Russia now just charters Greek tankers
The EU ban on Russian ships entering European ports has no effect on Russia’s oil exports. On the contrary, Greek ships are rushing to the aid of the country to transport the oil elsewhere.
DAccording to information from WELT AM SONNTAG, the ban on Russian vessels from entering European ports imposed in the fifth package of sanctions imposed by the European Union has not yet had an impact on oil exports from the Russia.
The reason: according to data from the London shipping register Lloyd’s List, Moscow managed to stabilize oil exports at the previous level, mainly with the help of Greek shipowners. Many energy companies, traders and shipowners in Europe and the United States have now ended their commercial relations with Russia.
According to Lloyds figures, 190 tankers cast off at Russia’s oil ports of Primorsk, Novorossiysk, Ust-Luga and St. Petersburg during the month of April, of which 76 alone were sailing under the Greek flag. The Greeks thus almost tripled their share in Russian oil transport compared to the previous year.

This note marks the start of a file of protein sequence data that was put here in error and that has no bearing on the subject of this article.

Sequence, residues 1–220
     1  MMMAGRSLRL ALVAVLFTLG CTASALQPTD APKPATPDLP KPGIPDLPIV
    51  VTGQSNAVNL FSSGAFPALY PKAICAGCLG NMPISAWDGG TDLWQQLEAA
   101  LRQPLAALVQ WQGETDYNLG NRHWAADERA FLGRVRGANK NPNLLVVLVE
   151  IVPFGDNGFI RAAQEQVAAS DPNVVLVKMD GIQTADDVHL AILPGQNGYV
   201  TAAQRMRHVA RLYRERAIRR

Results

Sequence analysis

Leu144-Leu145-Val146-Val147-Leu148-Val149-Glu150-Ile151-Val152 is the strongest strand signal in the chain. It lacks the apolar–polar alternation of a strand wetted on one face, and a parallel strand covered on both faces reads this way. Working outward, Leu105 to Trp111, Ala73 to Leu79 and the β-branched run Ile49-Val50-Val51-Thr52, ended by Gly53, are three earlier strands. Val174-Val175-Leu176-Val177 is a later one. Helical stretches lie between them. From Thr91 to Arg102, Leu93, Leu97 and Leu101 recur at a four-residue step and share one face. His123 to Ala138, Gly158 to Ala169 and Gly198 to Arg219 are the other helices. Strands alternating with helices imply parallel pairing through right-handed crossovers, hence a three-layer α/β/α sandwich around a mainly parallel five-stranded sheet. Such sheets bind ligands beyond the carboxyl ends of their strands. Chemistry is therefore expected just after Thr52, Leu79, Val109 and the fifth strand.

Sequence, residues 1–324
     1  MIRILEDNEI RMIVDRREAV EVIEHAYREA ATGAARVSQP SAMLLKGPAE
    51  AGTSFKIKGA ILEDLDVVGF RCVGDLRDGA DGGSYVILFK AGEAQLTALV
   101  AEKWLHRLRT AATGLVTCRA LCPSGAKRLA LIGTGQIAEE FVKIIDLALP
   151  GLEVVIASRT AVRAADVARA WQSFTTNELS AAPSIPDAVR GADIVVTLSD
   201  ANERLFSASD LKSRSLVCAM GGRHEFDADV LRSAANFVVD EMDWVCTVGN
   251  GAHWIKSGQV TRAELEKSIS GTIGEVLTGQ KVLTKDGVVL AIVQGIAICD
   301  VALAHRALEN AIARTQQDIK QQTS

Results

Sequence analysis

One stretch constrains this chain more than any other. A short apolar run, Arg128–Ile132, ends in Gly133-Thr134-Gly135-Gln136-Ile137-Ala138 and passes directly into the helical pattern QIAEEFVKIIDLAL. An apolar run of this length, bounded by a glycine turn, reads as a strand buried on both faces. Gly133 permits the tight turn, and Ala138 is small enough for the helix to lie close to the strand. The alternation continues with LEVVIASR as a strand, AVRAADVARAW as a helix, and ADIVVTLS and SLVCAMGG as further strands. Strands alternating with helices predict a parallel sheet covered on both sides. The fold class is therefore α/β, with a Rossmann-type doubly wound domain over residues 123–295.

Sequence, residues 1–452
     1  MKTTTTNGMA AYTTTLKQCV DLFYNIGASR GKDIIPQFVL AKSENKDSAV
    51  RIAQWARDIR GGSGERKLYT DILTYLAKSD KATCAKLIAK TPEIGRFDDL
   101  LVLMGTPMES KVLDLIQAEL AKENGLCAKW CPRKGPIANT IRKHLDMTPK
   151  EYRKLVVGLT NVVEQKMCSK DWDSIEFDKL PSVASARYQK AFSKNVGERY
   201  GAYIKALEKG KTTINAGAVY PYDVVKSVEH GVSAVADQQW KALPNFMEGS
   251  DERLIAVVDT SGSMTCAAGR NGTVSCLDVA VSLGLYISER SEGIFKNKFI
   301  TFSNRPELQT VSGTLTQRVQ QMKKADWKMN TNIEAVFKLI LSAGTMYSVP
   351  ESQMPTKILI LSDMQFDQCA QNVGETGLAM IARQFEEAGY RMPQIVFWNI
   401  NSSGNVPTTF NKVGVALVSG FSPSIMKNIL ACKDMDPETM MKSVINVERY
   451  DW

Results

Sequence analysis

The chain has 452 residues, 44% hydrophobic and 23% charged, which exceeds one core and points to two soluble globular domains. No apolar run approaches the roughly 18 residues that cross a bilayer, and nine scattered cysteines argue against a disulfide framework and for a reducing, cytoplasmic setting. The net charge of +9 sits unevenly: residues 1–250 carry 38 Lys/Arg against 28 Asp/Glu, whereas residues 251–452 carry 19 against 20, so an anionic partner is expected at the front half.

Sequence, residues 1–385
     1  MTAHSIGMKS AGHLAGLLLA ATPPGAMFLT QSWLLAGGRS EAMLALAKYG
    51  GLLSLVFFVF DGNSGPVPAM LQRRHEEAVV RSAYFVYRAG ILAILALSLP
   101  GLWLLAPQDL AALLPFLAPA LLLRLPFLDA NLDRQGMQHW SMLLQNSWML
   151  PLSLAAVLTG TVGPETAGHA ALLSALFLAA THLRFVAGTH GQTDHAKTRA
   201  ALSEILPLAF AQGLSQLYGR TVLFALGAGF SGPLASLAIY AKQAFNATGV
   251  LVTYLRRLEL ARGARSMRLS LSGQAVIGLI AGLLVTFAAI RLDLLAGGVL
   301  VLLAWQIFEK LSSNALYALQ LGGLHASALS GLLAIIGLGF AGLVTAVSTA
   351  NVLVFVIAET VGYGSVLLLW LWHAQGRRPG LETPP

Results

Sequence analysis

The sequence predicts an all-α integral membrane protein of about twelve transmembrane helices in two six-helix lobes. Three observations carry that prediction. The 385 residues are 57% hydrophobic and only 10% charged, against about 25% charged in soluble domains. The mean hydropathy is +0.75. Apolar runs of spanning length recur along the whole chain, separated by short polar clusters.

According to the Association of German Shipowners, Greece has the largest tanker fleet in the world with 716 ships, as WELT AM SONNTAG still reports. Since the start of the war on February 24, Russia has exported an average of 4.5 million barrels of oil per day, worth $509 million, according to a Lloyd’s report.
Additionally, there were approximately 2.2 million barrels of refined products such as diesel. It’s almost the same as before the invasion of Ukraine, although shipments are now increasingly heading to India and the Far East.
Last week, European Commission President Ursula von der Leyen proposed a sixth sanctions package to stop all oil imports from Russia by tanker or pipeline within six months. At a meeting of EU member states’ ambassadors in Brussels on Wednesday, Greece’s representative expressed reservations about the oil embargo.